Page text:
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Professor Allison Dunn, Ph.D., Studies Climate Change in Boreal Forests in Manitoba

A recent paper [1] on the impact of climate change on boreal forests highlights research by Professor Allison Dunn, Ph.D., of the Department of Earth, Environment, and Physics. Published in Nature Climate Change, the paper includes data collected as part of Dunn’s doctoral and post-doctoral work in Northern Manitoba, where she helped run one of the world’s longest-running field experiments studying how forests exchange carbon dioxide with the atmosphere.

The results from this study were combined with results from similar sites across the boreal biome in Canada, Alaska, Siberia, and Scandinavia, which Dunn says is a powerful approach.

“It lets scientists understand how this vast boreal region, on average, is responding to climate,” she says.

Dunn’s research involved visiting the Manitoba site approximately 10 times per year, often not an easy task.

“The site was located in a remote area—five kilometers in the woods off a dirt road, and was accessible by snowmobile in the winter and ATV in the summer,” says Dunn. “The heart of the measurements was a 30-meter (100-ft)-tall research tower that I used to have to climb to maintain the scientific equipment at the top.”

Data was collected on a constant basis in order to accurately understand how Manitoba’s boreal forests responded to the environment, as well as to answer pressing questions about how the forests will change as the climate changes.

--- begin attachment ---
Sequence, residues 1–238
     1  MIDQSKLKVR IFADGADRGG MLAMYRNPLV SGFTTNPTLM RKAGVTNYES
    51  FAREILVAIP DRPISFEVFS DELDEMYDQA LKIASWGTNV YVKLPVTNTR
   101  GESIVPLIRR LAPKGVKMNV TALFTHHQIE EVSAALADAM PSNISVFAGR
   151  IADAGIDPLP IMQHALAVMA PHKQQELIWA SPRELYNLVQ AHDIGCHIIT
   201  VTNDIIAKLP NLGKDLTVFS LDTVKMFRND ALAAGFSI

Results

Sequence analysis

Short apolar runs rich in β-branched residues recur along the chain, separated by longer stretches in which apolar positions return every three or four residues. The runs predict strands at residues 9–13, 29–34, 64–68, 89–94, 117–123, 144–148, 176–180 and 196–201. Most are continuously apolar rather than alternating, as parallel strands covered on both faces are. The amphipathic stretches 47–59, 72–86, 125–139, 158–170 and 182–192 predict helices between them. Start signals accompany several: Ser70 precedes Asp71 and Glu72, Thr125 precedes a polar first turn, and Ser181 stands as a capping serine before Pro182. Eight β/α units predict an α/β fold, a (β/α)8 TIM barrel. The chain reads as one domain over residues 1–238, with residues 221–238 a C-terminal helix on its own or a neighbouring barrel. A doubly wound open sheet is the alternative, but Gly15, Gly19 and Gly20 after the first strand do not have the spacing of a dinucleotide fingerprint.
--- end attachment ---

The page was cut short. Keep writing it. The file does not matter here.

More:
“The key finding based on our data is that boreal peatlands (essentially, boggy wetland areas) are at a high risk of drying under climate change, in large part because the mosses found in peatlands lose water much more easily than trees in a forest do,” says Dunn.

While the research site has been decommissioned since Dunn came to Worcester State—it cost hundreds of thousands of dollars to operate each year—the data collected continues to bear fruit.

“[The data] suggests that these peatlands will also be at higher risk of forest fire (common in the boreal region), which could cause them to release their carbon to the atmosphere as CO2,” says Dunn. “If this happens, it would amplify climate change, since CO2 is a greenhouse gas that warms the atmosphere.”

The paper, “Increasing contribution of peatlands to boreal evapotranspiration in a warming climate,” is available on the Nature Climate Change website. [1]